Drug-Free Workplace Act of 1988


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Drug-Free Workplace Act of 1988

Federal legislation requiring all organizations applying for federal grants to certify that a “good faith” effort will be made to prevent substance abuse in the workplace.
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The DOD, GSA, NASA, and other agencies have issued a proposed rule to change and amend (1) the governmentwide rules for debarment and suspension in non-procurement activities; and (2) the governmentwide rule implementing the Drug-Free Workplace Act of 1988. In 1988, all of the agencies participating in this proposed rule published a common rule providing standard requirements for debarment and suspension by executive branch agencies in order to protect loans, assistance, benefits, and other non-procurement activities from fraud, waste, abuse, and poor performance.
The federal Drug-Free Workplace Act of 1988 only governs businesses that have federal contracts of over $25,000 (single contract).
For local governments, the most pertinent federal employment laws are: Family and Medical Leave Act, Civil Rights Acts of 1964 (Title VII) and 1991, Rehabilitation Act of 1973 (Title V), Age Discrimination in Employment Act, Drug-Free Workplace Act of 1988, Occupational Safety and Health Act, and Fair Labor Standards Act.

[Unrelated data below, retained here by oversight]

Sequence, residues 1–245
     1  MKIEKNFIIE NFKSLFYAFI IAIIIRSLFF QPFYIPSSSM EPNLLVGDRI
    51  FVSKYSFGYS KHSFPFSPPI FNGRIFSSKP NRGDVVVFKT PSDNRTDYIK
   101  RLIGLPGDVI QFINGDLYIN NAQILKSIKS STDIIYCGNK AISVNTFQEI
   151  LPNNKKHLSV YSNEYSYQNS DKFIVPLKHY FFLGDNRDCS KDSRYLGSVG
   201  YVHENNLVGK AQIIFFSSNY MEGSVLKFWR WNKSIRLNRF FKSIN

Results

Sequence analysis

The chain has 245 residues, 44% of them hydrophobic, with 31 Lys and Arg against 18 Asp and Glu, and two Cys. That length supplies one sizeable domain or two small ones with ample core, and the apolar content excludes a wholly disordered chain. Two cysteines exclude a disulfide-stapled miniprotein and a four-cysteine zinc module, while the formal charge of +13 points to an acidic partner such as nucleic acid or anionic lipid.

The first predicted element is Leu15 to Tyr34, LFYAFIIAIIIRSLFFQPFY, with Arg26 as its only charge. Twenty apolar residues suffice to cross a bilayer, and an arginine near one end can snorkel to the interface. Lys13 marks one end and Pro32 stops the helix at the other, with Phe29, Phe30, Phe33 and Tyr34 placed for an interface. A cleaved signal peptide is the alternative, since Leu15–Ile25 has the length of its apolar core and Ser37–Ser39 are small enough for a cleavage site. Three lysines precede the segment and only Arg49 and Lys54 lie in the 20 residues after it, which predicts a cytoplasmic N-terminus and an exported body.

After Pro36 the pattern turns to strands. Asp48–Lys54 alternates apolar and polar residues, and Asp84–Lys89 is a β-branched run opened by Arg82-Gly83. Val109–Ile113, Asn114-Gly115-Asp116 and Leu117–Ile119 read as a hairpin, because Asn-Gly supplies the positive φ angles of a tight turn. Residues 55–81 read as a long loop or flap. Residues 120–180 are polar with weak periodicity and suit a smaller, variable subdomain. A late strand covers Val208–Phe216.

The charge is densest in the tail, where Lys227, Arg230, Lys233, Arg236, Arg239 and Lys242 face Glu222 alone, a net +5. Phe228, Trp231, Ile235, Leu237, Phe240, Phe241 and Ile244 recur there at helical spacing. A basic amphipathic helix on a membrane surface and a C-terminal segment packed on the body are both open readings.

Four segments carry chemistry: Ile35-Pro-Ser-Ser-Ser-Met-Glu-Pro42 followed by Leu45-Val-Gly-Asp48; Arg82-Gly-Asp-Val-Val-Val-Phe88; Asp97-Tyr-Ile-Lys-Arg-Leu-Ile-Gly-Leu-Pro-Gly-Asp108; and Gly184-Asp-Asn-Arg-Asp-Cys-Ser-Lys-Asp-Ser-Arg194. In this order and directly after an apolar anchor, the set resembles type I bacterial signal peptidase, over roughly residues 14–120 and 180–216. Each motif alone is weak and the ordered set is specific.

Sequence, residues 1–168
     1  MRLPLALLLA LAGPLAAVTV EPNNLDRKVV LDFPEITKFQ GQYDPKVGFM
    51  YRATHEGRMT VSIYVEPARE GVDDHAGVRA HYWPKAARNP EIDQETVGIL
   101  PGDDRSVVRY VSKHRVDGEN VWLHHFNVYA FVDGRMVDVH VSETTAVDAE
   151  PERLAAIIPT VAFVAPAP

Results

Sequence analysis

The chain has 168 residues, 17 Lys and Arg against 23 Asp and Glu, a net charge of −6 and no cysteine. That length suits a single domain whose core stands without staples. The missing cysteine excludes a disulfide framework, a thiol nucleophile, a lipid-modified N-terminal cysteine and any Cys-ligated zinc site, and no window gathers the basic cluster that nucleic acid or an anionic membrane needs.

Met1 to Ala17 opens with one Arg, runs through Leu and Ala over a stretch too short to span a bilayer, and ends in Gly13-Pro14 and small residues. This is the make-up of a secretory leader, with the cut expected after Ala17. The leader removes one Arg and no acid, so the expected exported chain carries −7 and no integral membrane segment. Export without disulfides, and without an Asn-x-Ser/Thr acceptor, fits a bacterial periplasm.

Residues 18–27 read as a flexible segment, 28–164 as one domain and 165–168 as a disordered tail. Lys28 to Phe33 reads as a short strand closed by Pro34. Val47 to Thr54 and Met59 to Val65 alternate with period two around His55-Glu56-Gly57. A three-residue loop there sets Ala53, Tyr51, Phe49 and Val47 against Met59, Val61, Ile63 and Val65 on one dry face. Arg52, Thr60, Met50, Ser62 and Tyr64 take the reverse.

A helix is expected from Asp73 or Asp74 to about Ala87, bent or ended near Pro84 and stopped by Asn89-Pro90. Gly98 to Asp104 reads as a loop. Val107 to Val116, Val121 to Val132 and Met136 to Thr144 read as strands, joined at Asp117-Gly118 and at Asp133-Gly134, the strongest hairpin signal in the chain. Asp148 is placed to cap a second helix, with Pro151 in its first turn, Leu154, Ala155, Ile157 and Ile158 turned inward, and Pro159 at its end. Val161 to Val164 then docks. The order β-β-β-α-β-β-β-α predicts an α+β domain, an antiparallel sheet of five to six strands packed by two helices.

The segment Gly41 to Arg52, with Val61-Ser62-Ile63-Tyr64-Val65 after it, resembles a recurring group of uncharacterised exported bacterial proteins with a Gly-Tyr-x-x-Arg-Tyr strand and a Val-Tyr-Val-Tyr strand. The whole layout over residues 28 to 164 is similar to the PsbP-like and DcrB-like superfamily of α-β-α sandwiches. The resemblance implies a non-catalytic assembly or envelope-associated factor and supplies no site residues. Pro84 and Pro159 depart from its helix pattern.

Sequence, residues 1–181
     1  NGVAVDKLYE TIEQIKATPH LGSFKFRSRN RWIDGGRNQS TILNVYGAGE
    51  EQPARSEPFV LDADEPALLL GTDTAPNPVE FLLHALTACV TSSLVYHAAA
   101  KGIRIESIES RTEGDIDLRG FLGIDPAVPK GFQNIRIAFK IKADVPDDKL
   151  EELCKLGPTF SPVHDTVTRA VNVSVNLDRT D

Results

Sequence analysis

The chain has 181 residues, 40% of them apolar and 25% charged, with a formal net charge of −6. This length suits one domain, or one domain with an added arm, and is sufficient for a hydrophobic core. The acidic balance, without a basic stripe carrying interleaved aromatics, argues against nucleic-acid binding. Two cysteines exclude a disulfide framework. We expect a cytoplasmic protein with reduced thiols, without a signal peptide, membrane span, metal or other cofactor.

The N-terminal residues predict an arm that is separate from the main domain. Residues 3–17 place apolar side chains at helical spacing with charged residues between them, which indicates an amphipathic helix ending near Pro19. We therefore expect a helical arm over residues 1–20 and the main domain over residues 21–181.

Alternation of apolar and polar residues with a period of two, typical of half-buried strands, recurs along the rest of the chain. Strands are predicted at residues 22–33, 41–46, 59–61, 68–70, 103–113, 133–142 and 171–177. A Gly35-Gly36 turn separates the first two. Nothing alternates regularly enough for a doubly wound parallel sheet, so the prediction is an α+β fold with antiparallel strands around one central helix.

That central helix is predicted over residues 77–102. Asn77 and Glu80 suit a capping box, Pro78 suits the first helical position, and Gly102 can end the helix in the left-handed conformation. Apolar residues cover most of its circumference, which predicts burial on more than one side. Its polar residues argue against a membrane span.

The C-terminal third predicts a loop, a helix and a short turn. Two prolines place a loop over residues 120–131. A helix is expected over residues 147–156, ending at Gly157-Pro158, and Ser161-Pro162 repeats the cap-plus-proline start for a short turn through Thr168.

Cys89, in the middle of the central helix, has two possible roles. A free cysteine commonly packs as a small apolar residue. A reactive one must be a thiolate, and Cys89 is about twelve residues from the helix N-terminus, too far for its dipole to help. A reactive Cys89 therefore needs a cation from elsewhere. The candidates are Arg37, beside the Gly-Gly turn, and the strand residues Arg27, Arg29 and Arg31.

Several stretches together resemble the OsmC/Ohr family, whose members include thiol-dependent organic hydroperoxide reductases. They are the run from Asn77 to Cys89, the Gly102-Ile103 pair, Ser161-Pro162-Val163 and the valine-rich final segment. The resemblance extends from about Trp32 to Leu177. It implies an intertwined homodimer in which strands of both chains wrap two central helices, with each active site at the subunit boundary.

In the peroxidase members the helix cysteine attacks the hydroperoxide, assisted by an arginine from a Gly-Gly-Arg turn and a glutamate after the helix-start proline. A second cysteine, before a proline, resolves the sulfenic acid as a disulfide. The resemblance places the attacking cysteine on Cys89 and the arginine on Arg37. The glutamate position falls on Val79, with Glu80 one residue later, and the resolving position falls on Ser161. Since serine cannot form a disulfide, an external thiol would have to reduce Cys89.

The Drug-Free Workplace Act of 1988 requires all employers with federal contracts equaling or exceeding $25,000 to certify, as a condition of receiving contract awards, that they will provide and maintain a drug-free workplace.
These requirements have been mandated by the Department of Defense's Drug-Free Work Force Rules, the Drug-Free Workplace Act of 1988, and the Department of Transportation's Procedures for Workplace Drug Testing Programs.
In addition to drug testing based on "reasonable suspicion" and following accidents, Reagan authorized testing applicants for government jobs and federal employees in "sensitive positions." Significantly, the order was based on the premise that "the Federal government, as the largest employer in the Nation, can and should show the way towards achieving drug-free workplaces." Two years later, Congress approved the Drug-Free Workplace Act of 1988, which demanded that all federal grant recipients and many contractors "maintain a drug-free workplace." Although the law did not explicitly require drug testing, in practice this was the surest way to demonstrate compliance.
The Drug-Free Workplace Act of 1988 was the first declaration of the war on drugs in the workplace.
The Drug-Free Workplace Act of 1988 mandates the establishment of comprehensive substance abuse programs by federal contractors, federal grant recipients, or anyone operating under federal funding exceeding $25,000.